Duane Merrell, Associate Teaching Professor at Brigham Young University, recommended Wesley saying, "Wesley will be a physics teacher. He will elevate the students he teaches just as he elevates the students he works with in classes now. Wesley has taken extra physics teaching courses, more than are required for licensure while here at BYU. He has added physics by inquiry, kinematics (311) and electricity (310) to get a better perspective of engaged learning by students vs. information giving and direct teaching techniques.

What a young teacher with a great upside. He is already starting at a great spot and will be a poster child for young physics teachers quite soon. I have the privilege to work with many young physics teaching majors and Wesley is easily in the top 5%.

Brett Powell, is a member of the class of 2017 at Lock Haven University, stated, "I love helping others;it brings me happiness. In high school and college, I have always helped others academically whenever asked. I hope to be both an excellent physics teacher as well as someone who understands and teaches about the importance of the sciences."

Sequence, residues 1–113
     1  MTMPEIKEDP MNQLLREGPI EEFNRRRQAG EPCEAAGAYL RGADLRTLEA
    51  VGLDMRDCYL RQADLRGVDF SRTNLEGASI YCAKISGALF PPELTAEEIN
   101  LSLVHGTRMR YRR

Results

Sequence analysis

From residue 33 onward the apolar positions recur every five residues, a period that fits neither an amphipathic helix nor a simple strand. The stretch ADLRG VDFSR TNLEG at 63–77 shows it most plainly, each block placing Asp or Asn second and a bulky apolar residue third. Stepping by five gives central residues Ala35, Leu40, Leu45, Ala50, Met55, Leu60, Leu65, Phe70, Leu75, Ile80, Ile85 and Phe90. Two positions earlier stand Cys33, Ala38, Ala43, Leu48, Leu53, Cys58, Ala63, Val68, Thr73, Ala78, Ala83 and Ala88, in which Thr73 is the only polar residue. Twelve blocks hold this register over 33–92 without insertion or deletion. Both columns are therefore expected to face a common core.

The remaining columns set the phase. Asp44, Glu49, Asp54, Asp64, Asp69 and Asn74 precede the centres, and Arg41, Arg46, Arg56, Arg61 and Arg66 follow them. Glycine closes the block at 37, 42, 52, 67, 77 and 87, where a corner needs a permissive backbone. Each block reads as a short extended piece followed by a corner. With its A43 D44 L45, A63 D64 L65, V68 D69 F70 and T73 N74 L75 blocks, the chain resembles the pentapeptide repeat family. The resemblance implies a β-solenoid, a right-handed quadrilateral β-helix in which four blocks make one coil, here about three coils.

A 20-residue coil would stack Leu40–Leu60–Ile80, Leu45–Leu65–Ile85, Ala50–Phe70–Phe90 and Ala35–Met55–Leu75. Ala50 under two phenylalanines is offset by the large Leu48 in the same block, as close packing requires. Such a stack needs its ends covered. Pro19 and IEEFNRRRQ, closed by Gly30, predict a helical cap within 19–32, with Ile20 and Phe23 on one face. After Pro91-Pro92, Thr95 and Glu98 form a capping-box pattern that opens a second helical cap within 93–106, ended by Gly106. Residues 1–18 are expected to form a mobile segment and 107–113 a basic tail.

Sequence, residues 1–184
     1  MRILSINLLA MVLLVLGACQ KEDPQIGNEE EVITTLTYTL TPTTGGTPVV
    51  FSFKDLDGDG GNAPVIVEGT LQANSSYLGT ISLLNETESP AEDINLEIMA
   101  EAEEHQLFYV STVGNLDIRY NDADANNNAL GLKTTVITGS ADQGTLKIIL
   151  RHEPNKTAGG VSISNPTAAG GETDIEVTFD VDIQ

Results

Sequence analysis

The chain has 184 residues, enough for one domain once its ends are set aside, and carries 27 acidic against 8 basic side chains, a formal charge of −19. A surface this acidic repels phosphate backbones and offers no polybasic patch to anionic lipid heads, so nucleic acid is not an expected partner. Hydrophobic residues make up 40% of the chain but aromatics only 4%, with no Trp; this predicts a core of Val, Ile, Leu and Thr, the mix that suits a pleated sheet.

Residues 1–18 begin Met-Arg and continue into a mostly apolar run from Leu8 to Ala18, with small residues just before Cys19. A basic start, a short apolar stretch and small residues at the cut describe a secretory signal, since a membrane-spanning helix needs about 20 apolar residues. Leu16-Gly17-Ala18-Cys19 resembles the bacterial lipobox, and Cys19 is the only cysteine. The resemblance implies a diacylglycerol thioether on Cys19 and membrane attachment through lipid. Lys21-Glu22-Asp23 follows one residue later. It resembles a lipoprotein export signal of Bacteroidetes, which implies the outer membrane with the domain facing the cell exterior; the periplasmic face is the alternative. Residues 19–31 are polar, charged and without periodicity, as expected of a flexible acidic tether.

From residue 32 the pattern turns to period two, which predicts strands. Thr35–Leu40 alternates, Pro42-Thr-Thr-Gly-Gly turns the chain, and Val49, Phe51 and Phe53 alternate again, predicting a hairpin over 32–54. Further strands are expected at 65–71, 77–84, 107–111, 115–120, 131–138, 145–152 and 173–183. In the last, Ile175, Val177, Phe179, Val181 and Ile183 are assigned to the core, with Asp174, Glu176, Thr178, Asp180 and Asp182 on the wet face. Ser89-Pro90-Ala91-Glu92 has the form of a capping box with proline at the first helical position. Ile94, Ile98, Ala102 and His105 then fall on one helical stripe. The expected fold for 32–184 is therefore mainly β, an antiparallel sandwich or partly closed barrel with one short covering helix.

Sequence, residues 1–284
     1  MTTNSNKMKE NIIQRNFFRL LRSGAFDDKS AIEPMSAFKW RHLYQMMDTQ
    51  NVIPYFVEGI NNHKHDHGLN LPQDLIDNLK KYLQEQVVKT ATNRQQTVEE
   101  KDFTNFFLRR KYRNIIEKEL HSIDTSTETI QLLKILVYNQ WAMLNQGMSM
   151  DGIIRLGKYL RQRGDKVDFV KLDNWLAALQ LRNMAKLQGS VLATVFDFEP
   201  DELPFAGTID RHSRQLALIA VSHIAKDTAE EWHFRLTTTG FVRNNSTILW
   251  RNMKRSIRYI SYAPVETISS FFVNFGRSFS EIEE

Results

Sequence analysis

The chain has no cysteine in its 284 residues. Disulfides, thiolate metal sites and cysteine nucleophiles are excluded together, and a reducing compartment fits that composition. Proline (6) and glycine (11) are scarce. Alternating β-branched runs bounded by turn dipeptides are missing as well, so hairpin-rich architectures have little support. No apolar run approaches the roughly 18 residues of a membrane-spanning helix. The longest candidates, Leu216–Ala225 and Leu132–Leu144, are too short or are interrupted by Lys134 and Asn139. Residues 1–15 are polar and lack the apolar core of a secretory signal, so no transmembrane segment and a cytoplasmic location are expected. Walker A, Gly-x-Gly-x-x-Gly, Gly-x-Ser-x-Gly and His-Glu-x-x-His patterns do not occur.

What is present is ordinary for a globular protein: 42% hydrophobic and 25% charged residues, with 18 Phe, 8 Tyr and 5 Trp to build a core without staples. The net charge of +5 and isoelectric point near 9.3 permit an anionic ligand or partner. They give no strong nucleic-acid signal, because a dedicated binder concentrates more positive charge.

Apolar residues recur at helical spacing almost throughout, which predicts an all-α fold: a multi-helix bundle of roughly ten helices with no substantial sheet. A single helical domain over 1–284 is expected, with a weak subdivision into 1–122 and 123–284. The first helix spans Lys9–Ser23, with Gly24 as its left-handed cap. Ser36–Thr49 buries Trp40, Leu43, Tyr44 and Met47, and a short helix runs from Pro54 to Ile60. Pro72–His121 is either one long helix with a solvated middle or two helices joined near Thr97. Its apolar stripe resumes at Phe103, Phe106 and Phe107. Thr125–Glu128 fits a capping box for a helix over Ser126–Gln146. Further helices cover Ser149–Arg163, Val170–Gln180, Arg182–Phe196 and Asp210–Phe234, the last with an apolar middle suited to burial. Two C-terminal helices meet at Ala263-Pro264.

John Reid, Professor of Physics at Lock Haven University, said, "Brett takes his studies very seriously and has proven to be a great asset as an assistant." "Brett is a smart and highly motivated student."

Previous Scholarship Winners

A list of previous winners can be found on the AAPT website at http://www.aapt.org/programs/grants/lotze.cfm.

About AAPT

The AAPT is the premier national organization and authority on physics and physical science education with members worldwide. Our mission is to advance the greater good through physics education. We provide our members with many opportunities for professional development, communication, and student enrichment. We serve the larger community through a variety of programs and publications. AAPT was founded in 1930 and is headquartered in the American Center for Physics in College Park, Maryland.

For more information: Contact David Wolfe, Director of Communications, dwolfe@aapt.org, (301) 209-3322, (301) 209-0845 (Fax)